Matthew Steeples suggests respected actor George Clooney and publicity desperado Karen Danczuk provide contrasting examples about the ethics of paparazzi intrusion and media manipulation
Paparazzi intrusion and media manipulation are interlinked hot potatoes that look unlikely to be resolved anytime soon. Two very different examples emerged in recent days of very different behavior by so-called ‘personalities’ – yet each gives indication that something is not quite right with the situation as it stands.
Whilst ‘ordinary individuals’ – and such should include, for example, successful business people who do not choose to put themselves on any kind of public pedestal – unquestionably deserve privacy from press intrusion unless they do something criminal or opt to share details of something considered newsworthy, the issue of where is the line of public and private was importantly raised by George Clooney late last week. The actor promised to “prosecute to the full extent of the law” a magazine named Voici after they scaled the fence of his Lake Como home to take unauthorised pictures of his young twin babies, Ella and Alexander, and he is right to do so.
Whilst undoubtedly a public figure himself (and one whose fortune stems from such), Mr Clooney has a point. His offspring, through no fault of their own, have only become part of a media circus because of their parentage and the dangers that could result from their images being featured in the press are great. Stronger restrictions against unauthorised photography are indeed required internationally – especially in the domain of minors – and California, for example, was right to issue laws in 2013 that protected children from paparazzi cameras.
Elsewhere and though such publications as the Mail Online may thrive due to their enthusiasm for incognito shots, on Sunday that paper illustrated another type of shoddy journalism. In publishing a ‘story’ – if it could even be called such – about the tawdry ex-wife of the disgraced Labour MP Simon Danczuk, 34-year old Karen Danczuk, cavorting on a Spanish beach with her 26-year old “Spanish toyboy lover” as he proposed to her, that paper opted to mislead its readers.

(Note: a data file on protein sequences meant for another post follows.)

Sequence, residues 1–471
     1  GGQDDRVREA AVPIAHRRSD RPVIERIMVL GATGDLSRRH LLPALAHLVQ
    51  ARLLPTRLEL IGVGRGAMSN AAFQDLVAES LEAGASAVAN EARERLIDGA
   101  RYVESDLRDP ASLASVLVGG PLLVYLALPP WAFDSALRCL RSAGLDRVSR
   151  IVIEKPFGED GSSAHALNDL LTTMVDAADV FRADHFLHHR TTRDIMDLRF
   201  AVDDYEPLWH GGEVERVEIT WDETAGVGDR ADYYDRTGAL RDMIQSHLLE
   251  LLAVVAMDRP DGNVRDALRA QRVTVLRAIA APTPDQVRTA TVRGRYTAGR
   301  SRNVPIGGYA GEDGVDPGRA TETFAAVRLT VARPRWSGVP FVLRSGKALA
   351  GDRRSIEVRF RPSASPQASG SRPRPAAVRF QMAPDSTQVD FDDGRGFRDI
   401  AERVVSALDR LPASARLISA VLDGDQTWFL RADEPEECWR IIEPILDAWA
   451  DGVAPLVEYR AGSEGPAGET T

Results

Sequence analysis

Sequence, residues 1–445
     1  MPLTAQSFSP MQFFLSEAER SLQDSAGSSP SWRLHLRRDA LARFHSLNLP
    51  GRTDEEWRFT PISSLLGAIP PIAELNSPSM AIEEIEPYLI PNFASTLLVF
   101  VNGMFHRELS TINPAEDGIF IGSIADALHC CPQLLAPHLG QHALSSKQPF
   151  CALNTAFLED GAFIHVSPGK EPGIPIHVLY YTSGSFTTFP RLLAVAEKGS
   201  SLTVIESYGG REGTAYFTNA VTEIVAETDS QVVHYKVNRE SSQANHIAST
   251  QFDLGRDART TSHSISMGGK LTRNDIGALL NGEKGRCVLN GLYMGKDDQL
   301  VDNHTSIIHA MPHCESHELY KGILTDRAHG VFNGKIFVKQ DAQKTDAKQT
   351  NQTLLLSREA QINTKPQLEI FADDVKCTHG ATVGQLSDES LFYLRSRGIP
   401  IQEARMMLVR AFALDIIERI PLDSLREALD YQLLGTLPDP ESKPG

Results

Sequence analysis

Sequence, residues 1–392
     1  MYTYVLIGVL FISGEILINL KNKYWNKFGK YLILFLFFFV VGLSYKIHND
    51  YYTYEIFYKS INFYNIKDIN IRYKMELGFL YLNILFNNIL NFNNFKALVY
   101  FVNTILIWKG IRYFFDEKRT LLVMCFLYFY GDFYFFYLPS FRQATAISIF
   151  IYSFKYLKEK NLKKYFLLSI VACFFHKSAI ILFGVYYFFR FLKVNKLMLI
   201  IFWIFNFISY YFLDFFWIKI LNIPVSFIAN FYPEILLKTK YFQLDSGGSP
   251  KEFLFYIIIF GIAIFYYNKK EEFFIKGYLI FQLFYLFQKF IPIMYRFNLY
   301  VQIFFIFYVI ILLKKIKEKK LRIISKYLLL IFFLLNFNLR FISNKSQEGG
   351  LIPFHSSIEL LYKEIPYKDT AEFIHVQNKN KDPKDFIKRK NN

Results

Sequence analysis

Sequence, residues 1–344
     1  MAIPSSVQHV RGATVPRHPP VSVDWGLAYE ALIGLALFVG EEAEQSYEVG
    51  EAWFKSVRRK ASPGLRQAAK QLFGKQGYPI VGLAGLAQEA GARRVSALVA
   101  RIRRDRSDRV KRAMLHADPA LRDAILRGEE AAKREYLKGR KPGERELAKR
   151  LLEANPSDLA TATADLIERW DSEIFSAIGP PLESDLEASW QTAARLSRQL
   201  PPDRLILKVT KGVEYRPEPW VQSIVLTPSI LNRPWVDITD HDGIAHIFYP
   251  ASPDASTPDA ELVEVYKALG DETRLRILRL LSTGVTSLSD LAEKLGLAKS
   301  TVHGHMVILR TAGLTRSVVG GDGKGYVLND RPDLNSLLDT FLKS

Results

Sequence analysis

Featuring images taken by an agency named Flynet Pictures, it is plain that Ms Danczuk – listed as a “current client” by Louise Clifford, the daughter of the jailed nonce and convicted sex offender Max Clifford, on the website of her Borne Media PR agency – staged the images contained in that article and that the Mail Online’s Stephanie Linning was, at the very least, complicit of playing along with what is nothing other than a moment of media manipulation. The public, however, did not fall for this and of the 320 comments on the article most were in the negative. One, which received 1,184 likes, remarked: “So it was a big surprise for her then with a camera on standby? Fixed photo opportunities!”
Shame on the Mail Online for falling for the desperado Karen Danczuk and her representatives and shame on Voici also for invading the Clooney children’s privacy. Such activities must cease and the sooner, the better.
Update: 8:30am, Monday 31st July 2017 – Karen Danczuk has now blocked @SteepleTimes on Twitter. Something about ‘heat’ and ‘kitchens’ comes to mind.